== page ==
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Cultural Responses to the Persian WarsAntiquity to the Third Millennium$
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Emma Bridges, Edith Hall, and P. J. Rhodes

Print publication date: 2007

Print ISBN-13: 9780199279678

Published to Oxford Scholarship Online: January 2010

DOI: 10.1093/acprof:oso/9780199279678.001.0001

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Aeschylus’ Persians via the Ottoman Empire to Saddam Hussein

Aeschylus’ Persians via the Ottoman Empire to Saddam Hussein

(p.167) 9 Aeschylus’ Persians via the Ottoman Empire to Saddam Hussein
Cultural Responses to the Persian Wars

Edith Hall (Contributor Webpage)

Oxford University Press

Through a diachronic study of the uses to which Aeschylus' Persians has been put, this chapter argues that one of the most important factors underlying the longevity of the Persian Wars traditions has been the identification of the ancient Greeks' struggle against Achaemenid Persia with the Christian West's adversarial relationship with Islam. Although the image of the Ottoman Turk — with his turban, moustache, and curving sabre — certainly affected the iconography of other battles such as Marathon, the identification has been made most prominent culturally since the 16th century by authors revisiting the battle of Salamis. The facile identification of the entire Islamic world with the caricatured ancient Persians staged by Aeschylus has also been a factor informing the West's crude stereotype of the eastern tyrant, Muslim despot, and the polemical terminology of Freedom and Democracy that has often played an unhelpful role by fomenting aggression on both local and global scales.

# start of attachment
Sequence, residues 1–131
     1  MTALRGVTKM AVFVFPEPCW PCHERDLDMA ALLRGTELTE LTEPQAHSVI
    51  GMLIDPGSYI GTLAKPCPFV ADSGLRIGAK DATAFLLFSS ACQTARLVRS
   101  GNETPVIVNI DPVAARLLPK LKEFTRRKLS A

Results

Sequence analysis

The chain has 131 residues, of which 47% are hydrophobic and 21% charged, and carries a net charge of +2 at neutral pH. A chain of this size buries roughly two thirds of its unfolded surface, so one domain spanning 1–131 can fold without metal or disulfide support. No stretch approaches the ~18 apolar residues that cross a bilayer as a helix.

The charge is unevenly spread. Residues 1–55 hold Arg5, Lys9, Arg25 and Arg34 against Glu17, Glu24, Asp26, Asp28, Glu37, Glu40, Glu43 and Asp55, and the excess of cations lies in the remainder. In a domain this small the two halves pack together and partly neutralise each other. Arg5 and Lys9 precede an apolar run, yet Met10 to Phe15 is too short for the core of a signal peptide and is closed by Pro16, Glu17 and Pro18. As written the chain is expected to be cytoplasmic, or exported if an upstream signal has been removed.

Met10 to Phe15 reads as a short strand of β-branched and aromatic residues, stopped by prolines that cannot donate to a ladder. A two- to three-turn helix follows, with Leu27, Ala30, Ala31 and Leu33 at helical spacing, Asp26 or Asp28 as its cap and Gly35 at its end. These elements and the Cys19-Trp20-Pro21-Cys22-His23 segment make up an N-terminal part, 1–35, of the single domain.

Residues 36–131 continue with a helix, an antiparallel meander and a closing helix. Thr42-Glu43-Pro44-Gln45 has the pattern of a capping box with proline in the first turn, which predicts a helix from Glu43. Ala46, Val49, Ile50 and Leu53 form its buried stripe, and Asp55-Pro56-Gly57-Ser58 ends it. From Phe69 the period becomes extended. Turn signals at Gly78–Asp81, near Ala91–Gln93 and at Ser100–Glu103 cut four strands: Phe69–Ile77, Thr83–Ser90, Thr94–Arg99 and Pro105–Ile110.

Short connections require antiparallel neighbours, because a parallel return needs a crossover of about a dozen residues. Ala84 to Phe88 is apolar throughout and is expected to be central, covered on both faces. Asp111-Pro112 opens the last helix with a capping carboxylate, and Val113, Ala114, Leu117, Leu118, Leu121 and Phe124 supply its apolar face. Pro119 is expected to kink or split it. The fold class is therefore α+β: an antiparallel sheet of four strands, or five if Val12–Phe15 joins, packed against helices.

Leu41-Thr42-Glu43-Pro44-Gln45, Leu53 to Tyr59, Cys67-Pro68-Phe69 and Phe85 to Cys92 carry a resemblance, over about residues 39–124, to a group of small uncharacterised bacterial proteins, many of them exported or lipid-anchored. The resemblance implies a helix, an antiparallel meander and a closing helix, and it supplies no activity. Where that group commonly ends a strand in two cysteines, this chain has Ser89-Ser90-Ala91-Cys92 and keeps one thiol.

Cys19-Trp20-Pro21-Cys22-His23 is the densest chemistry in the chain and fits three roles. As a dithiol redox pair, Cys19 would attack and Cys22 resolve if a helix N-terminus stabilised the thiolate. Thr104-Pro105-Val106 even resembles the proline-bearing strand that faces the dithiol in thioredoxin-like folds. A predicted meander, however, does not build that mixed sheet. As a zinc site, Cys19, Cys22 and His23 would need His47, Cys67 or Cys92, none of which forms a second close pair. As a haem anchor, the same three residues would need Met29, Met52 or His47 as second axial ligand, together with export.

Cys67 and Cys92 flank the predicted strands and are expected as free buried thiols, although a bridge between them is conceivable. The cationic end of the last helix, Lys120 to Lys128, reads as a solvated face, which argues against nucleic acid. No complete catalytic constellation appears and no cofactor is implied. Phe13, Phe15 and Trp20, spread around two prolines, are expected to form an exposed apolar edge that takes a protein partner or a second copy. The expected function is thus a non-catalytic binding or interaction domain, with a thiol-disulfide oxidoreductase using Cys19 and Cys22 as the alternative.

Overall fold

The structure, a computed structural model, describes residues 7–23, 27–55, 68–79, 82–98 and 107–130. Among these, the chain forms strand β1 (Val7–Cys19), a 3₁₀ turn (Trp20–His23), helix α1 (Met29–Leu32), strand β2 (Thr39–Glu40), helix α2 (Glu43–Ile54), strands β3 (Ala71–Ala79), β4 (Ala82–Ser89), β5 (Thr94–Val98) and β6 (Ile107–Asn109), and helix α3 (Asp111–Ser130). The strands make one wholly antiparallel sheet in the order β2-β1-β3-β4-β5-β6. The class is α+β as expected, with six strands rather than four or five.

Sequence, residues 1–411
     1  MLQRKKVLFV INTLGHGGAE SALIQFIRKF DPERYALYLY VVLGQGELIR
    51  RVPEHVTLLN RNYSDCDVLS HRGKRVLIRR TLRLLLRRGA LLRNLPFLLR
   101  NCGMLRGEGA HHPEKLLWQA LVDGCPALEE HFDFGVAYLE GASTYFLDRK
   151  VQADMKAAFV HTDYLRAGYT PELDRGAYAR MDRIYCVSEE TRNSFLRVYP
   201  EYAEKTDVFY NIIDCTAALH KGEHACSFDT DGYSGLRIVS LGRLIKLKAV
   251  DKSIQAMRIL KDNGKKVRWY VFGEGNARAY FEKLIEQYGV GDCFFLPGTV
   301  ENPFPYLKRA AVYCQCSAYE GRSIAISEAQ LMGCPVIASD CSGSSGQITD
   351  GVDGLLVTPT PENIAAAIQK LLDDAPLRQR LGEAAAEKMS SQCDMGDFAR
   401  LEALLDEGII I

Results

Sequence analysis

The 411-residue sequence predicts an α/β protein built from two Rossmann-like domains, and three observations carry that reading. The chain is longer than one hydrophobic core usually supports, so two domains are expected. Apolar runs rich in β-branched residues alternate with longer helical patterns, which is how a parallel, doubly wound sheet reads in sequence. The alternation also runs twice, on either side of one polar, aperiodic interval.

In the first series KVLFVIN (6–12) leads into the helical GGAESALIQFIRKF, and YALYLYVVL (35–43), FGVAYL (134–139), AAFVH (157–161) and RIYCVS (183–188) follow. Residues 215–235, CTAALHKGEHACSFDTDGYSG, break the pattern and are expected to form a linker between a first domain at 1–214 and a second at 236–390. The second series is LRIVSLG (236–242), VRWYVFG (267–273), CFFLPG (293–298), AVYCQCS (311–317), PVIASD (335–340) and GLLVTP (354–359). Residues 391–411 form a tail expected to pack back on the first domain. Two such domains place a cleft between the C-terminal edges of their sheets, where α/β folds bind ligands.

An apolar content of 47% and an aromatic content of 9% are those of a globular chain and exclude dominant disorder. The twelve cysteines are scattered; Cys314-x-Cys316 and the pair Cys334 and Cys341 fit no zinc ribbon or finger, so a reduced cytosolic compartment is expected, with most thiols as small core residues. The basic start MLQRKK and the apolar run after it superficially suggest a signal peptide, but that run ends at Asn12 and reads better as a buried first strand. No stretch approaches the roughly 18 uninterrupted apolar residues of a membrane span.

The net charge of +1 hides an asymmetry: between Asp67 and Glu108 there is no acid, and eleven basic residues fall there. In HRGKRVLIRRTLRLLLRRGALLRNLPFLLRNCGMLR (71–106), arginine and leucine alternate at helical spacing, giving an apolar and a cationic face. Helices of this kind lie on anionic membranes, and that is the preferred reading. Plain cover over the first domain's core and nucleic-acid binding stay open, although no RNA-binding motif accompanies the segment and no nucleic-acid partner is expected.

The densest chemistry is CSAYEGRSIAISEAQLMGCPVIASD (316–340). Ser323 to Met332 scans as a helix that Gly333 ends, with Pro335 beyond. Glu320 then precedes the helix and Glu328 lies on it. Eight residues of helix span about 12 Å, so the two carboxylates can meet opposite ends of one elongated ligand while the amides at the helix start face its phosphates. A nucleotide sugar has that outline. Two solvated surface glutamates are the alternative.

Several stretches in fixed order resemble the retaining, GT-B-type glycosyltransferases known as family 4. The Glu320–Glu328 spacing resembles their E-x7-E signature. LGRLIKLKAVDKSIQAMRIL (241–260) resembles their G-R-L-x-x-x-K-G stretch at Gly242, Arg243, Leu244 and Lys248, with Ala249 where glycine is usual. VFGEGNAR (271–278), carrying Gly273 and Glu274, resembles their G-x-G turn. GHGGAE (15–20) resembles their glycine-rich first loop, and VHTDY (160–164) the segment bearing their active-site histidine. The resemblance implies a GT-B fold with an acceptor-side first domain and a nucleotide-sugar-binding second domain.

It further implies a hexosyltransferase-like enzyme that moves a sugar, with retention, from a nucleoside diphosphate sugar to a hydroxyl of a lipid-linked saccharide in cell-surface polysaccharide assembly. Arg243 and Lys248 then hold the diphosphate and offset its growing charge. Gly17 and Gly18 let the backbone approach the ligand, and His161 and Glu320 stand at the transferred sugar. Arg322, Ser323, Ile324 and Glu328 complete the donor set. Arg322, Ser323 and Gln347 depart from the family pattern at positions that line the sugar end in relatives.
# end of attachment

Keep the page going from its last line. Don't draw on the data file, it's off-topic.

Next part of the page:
Keywords:   Aeschylus, Persians, Persian Wars, ancient Greeks

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